‘Stop Me Before I Domain Again’

Written By: Donna Schwartz Mills

They appear to be average American women. They meet in
parenting chat rooms and discussion lists to exchange photos
of their kids, cheer on each other’s pregnancies and
ccasionally complain about their husbands’ snoring. They
swap recipes and advice on schools and diets. They seem
normal in every way.

But these women share an obsession – a dark secret that
their offline friends may not understand.

‘Stop me before I domain again,’ jokes Nita Jackson of
OrganizeTips.com < http://www.organizetips.com >.

These all-American women are also webmasters; entrepreneurs
who feel a rose by any other name should get registered
before someone else snaps it up.

‘Every word or name that you hear, you wonder if it is taken
as a dot.com or dot.net,’ says Wendy Shepherd of
ComputerMommy.com < http://www.computermommy.com >. ‘I dream
about new domains at night, and am always looking at
something and wondering if it is a domain name yet.’

According to NetNames, there are over 22 million dot-com
names registered around the world with ICANN estimating that
21,000 new domains (of all kinds) registered weekly. If
you’ve ever had a problem getting the name of your choice,
this is a factor.

‘Our company owns about 150 domains right now,’ says Nancy
Price of Myria Media < http://myriamedia.com >. ‘To one
degree or another, about 30 are in use right now. The others
are saved for future development, to protect our trademarks
and/or intellectual property (such as, variations of the
names of our main sites) and also some generic terms.’

Like Price, most of the women buy names for their business
use. Surprisingly few of them collect domains with the idea
of selling them later.

‘The second I bought my first domain, I fell in love. Ever
since, I change projects about twice a year,’ says Amy
Fleeman of ColumbusMoms.com < http://www.columbusmoms.com >.
Amy has made a little bit of money selling domains she owns,
but is picky about who she sells to. ‘I tend to sell cheaper
than I should because I want them to go to ‘good homes,’
(ie other webmasters I know do good work vs some stranger
on eBay).’

‘I get ideas, buy the domains, and actually put them
together from start to finish. I design the pages, the
graphics, install the CGI, advertise, get content… Then
once everything is in place, I get the fever to do a new
one. So I sell the old one and go at it again! I usually
have several projects going on at once. So, I guess I’m not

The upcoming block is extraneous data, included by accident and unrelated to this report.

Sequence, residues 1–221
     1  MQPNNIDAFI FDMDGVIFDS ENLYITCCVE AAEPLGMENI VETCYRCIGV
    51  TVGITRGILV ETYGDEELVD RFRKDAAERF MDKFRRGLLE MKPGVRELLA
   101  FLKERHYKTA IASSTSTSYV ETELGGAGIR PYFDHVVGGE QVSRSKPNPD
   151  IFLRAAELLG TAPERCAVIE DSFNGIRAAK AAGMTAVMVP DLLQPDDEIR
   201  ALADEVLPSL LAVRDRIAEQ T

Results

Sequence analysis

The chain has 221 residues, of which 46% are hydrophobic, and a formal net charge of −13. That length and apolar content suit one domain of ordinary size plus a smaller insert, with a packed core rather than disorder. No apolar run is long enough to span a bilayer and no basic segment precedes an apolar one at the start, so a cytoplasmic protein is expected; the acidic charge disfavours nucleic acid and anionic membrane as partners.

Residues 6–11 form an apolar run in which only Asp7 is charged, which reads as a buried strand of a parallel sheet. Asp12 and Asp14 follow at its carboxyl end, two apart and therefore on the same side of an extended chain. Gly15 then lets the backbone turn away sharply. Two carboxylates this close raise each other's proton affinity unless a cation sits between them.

as addicted to registering the names as I am building the
actual community from ground up.’

If domain buying is ever officially classified as an
addiction, Shelley Pietras would qualify for treatment. As
owner of YourDomainForFree.com
< http://www.yourdomainforfree.com >, Pietras can feed her
habit with ease. In the course of one month, Pietras has
tripled the number of names in her collection to ‘an even
90.’ She says ‘Four are in use right now, and the rest -
Well, we do plan to use them, sell them, give them away as

‘Each domain that was registered came from an actual
business idea. When the idea hit, the domain was registered.
Whether or not all these ideas will ever be put into action
remains to be seen, but at least we’ve got the first step
out of the way!’

Nita Jackson also feeds her habit by being a registrar
< http://www.PCMindToday.com >. Like Price, she started
buying names that were related to her site,
OrganizeTips.com, because she did not want competitors
getting them first. She spends about $500 each year on a
total of 16 domains (two of which are actually operating
as websites).

‘I plan to develop the rest and work my fingers to the
bone,’ she says.

With so many names already registered, finding a good one
these days is hard. Price offers this advice:

“Take your time coming up with a good name. You should
probably check to see that it’s not a trademarked term.
Then, when you go to register the domain, also buy the
common variations (hyphenated, pluralized, etc.). Finally,
don’t talk to anyone about your plans until you have the
domain name on record!”

About the Author

Donna Schwartz Mills is editor of NOBOSS Online, the
weekly newsletter for home-based entrepreneurs working the
web. Subscribe by sending a blank email to
subscribe-online@noboss.com. Visit today for
tools tips and advice you need to help grow your home based
business while raising a family – http://www.parentpreneurclub.com

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